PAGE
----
Thursday, June 19, 2014

12 Years a Slave ★★★★

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    If there was ever a film to achieve the insurmountable task of capturing the barbarous realities of the nineteenth-century American South, it would be the 2013 historical drama entitled "12 Years a Slave." Adapted from the memoirs of Solomon Northup himself, this is a powerful film that seeks to delve into one of the darkest hours of humanity; it is a film that forces us to endure the sorrow and alienation set forth by our ancestors. With superb direction and limitless performances, this picture cements itself as the epitome of human struggle and redemption.

    Solomon Northup is a free African-American man in a time when freedom was a despairing notion. He makes an honest living as a musician whose expertise is that of the violin. Northup also has a loving family consisting of a wife and two children. Never has he experienced the hardships endured by the countless number of his peers.

    However, after accepting a job in Washington, D.C. that would see him to be absent for a fortnight, Northup will become the victim of a treacherous effort to exploit an African-American male for prosperity; a devious act that will change his life forever.

    The role of Solomon Northup is characterized by a complex amalgam of despair and hope. Chiwetel Ejiofor, an established actor with a relatively unknown body of work, portrays this kidnapped and tortured soul. This is an extremely delicate role to embrace, and it is clear that Ejiofor was prepared for the undertaking. This character all but encompasses our actor, as it is rare to see such professionalism executed through dialogue and emotion.

    Ejiofor's tools as an actor are as sharp as can be permitted, thus penetrating our blockade of impartiality scene after tension-filled scene; consequently, charming our hearts with an unforeseen zealousness. It becomes apparent that we are no longer viewing an actor in a specific role, but a man who is battling his inner encumbrances to provide us with a tapestry of emotion.

    After the abduction is complete, Northup is branded with the name of Platt and sold to a plantation owner in New Orleans, Louisiana. His life becomes routine and, although he isn't dealt much brutality or mistreatment, a lowly overseer does begin to agonize him--not for the color of his skin, but for his excelling skill as a craftsman and for his intelligent solutions to problem-solving. His life ultimately becomes endangered and the owner, who is a relatively compassionate man, agrees to sell him to another plantation in order to relieve him of peril.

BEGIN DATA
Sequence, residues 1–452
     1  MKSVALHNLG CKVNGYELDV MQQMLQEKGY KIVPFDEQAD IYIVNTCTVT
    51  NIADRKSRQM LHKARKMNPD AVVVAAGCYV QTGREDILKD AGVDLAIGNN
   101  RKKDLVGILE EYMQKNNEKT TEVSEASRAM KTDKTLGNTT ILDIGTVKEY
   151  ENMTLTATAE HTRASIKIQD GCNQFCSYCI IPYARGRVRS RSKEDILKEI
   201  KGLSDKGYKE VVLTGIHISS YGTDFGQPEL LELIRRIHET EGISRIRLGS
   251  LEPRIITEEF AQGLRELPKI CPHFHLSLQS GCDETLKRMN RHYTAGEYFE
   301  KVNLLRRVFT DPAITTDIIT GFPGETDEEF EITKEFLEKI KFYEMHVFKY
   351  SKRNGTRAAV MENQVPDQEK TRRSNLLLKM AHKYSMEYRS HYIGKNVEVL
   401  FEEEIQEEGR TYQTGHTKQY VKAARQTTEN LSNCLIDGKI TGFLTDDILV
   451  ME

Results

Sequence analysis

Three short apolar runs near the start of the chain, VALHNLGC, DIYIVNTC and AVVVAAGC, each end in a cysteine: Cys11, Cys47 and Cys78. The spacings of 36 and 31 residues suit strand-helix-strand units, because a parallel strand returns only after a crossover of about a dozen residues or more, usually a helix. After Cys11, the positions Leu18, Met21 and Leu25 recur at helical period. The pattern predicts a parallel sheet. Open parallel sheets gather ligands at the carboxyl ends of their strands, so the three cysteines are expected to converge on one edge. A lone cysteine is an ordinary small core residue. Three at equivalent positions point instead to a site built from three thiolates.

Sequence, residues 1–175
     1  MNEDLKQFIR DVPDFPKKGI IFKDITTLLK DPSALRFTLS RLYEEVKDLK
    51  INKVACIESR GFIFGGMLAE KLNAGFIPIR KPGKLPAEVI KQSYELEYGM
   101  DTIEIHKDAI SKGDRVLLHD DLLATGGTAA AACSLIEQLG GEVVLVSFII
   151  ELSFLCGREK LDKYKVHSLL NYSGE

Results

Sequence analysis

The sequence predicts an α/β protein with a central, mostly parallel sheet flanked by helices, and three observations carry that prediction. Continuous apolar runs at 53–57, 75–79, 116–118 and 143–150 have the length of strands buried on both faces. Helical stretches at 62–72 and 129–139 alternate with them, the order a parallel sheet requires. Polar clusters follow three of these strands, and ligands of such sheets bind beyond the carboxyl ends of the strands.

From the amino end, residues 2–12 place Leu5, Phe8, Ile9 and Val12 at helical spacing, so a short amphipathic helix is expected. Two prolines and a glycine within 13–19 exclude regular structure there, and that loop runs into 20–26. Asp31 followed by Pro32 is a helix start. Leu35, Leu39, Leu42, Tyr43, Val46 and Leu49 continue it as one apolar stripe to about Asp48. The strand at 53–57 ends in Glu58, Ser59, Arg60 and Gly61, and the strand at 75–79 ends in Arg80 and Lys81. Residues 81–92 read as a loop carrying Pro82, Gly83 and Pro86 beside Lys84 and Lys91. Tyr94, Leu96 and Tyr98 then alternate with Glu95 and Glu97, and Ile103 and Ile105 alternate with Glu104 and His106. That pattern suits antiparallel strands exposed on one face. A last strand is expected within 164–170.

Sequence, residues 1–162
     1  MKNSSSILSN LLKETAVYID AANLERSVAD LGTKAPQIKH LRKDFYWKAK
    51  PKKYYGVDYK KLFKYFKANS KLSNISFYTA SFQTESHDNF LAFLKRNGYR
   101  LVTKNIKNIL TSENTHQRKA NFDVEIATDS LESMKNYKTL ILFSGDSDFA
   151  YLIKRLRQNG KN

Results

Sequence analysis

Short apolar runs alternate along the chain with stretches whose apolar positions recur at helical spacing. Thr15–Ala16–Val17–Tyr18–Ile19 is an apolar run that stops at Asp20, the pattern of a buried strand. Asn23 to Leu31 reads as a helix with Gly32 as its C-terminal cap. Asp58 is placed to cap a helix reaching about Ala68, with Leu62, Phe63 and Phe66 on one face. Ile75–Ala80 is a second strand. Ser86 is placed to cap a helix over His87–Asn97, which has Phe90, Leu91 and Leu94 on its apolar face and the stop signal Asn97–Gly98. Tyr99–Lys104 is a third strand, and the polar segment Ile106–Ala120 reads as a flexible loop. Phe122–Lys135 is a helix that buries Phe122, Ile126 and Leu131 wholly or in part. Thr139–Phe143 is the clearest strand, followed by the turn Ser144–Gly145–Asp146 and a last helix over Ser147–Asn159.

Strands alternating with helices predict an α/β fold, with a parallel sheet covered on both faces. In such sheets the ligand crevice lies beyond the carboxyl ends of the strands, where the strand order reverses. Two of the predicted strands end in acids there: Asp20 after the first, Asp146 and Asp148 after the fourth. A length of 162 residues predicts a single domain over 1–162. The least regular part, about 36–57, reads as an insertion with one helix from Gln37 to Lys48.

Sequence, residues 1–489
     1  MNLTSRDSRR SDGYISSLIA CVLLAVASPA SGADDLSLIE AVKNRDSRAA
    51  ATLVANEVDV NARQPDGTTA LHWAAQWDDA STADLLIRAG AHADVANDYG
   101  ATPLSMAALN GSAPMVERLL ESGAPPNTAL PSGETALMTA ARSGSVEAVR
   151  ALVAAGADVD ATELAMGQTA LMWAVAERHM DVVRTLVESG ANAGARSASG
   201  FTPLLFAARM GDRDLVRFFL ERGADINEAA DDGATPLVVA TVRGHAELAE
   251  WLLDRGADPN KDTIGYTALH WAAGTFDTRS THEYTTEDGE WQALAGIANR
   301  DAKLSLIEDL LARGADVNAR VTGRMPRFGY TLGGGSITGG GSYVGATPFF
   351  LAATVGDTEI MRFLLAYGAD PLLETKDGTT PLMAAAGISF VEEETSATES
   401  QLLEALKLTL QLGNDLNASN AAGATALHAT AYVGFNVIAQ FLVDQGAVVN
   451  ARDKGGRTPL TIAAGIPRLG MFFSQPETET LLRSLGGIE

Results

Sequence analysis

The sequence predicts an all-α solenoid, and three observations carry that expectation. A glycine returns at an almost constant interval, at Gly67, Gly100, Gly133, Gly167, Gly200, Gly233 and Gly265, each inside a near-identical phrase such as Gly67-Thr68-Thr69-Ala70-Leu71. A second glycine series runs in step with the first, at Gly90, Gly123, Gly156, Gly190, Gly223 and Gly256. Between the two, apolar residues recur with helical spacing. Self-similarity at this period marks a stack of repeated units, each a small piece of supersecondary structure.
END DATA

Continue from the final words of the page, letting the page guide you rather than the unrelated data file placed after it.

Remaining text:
Edwin Epps, a stern and uncompromising plantation owner, becomes the recipient of Northup. This man will test Northup's ability, not only as a field worker but as a dignified human being. The work is unrelentingly rigorous, and it is clear that Epps' empathy for African-Americans has vanished, along with the perceived notion that a man with a darker complexion is still indeed a man and not a disposable piece of property. This relationship will culminate in a series of tension-filled scenes that will put you on edge and astonish the facets of the mind.

    Michael Fassbender, a personal favorite of mine among today's young collection of actors, is Edwin Epps. This depiction is a very important display of human nature found among nineteenth-century plantation owners. Epps not only believes that it is his God-given right to detain his slaves, but feels that he may do so with guiltless pride. One of the more startling relationships that contributes to this film is the dynamic bond between Epps and a young female slave named Patsey.

    Epps loves Patsey for her work ethic and is bound to her by his unwarranted sexual desires. This leads to an inner feeling of mortification and revulsion, which he subsequently releases in the form of anger upon his workers. Fassbender is impeccable as this portrait of a man fueled by self-righteousness. His delivery is unmatched in confidence and passion.

    A vital aspect of Fassbender's performance can be attributed to his chemistry with his fellow actors and actresses off screen. This includes Lupita Nyong'o, the Academy Award winner for best supporting actress for her portrayal of Patsey. Nyong'o brings a fresh face to a role filled with chaos. It is quite refreshing to see a young and talented actress succeed with little experience on her resume. Although Patsey may not be an integral constituent of the film, her importance lies within her relationship to Solomon and Epps; without Patsey, Epps loses all sense of temperament.

    "12 Years a Slave" is a film enshrouded by pain. There are several beautiful sequences and shots featuring the serene and tranquil atmosphere of the surrounding nature, as the film progresses in a completely opposing manner. And here lies the elegance of film. For, it is not so much about what's said by the characters or actions that are boldly highlighted to exercise a certain point, but what the camera relinquishes to the viewer.

    There is a scene that features Solomon near death, unable to speak or virtually move. As the camera settles on this horrendous scene, we almost certainly assure ourselves that something will happen to relieve the silence. That moment does come, but not for a few anxiety-filled minutes, which enables us to calmly examine the circumstance at hand. It is within this silence that we begin to become one with this tormented individual. Without that bond, a film will essentially become a fragment of incapability.

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